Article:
Seventy years ago this month, a small group of young boys climbed aboard a new aircraft carrier to take part in one of the greatest war battles of all time. They made up the original crew of the USS Intrepid, the legendary warship-turned museum, that came to known as the ship the Japanese couldn’t destroy. Torpedoes, bombs and suicide pilots crashed into her, but after each attack Intrepid limped back to Pearl Harbor for repairs and rejoined the fleet.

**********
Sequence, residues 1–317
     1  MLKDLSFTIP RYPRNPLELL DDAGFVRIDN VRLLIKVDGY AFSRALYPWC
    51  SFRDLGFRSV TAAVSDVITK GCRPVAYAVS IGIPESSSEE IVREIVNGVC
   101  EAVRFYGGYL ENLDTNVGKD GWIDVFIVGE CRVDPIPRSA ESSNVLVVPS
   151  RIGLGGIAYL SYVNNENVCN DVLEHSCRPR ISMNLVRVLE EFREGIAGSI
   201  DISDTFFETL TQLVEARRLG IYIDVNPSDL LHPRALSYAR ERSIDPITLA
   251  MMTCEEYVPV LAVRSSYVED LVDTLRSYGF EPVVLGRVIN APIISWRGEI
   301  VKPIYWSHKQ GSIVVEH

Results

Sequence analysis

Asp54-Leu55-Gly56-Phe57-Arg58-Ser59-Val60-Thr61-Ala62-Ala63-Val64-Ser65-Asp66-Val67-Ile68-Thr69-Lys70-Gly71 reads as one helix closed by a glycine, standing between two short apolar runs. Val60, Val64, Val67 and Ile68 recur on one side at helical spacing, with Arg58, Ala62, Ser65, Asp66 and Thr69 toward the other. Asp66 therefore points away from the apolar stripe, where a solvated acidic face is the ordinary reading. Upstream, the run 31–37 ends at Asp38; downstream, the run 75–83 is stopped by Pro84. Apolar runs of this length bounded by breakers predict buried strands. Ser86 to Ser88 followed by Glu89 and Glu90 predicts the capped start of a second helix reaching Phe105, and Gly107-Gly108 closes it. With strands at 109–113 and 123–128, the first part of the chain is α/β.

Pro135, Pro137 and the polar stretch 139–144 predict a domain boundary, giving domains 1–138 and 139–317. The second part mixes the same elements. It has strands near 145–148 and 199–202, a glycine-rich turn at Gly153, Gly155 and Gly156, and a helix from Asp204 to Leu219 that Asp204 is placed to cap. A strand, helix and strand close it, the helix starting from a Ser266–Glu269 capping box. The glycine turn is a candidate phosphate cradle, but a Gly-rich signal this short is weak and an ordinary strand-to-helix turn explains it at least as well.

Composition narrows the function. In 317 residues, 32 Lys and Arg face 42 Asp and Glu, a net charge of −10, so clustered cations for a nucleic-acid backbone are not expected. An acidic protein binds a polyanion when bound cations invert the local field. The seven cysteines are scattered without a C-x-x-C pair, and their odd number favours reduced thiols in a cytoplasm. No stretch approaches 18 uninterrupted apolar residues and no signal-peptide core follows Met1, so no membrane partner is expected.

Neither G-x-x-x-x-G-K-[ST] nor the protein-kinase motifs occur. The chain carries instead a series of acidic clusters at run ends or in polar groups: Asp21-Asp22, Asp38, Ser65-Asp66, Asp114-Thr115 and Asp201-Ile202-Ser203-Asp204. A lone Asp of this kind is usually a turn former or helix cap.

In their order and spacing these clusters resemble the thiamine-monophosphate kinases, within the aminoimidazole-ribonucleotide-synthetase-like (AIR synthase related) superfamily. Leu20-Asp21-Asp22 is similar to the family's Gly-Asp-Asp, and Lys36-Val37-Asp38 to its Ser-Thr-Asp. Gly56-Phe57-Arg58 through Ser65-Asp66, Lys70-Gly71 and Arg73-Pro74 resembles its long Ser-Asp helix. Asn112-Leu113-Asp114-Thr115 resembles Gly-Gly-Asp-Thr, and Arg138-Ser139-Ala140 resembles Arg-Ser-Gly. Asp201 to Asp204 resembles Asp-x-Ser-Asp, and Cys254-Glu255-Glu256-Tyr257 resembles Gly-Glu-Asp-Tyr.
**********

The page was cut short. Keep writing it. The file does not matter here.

During her 31 years of service, some 55,000 men served aboard the Fighting I. More than 300 of the former crew members returned for a reunion last week. Among them were 16 of the original crew members who invited me to join them on a dinner cruise and shared with me stories of a long-ago war, memories that for some remain as fresh as yesterday. Their stories are compelling and emotional. For today’s generation Intrepid is a floating museum. For those for whom it was a battlefield, it is hallowed ground filled with the memories of the 274 courageous sailors who gave their lives defending the ship and their nation.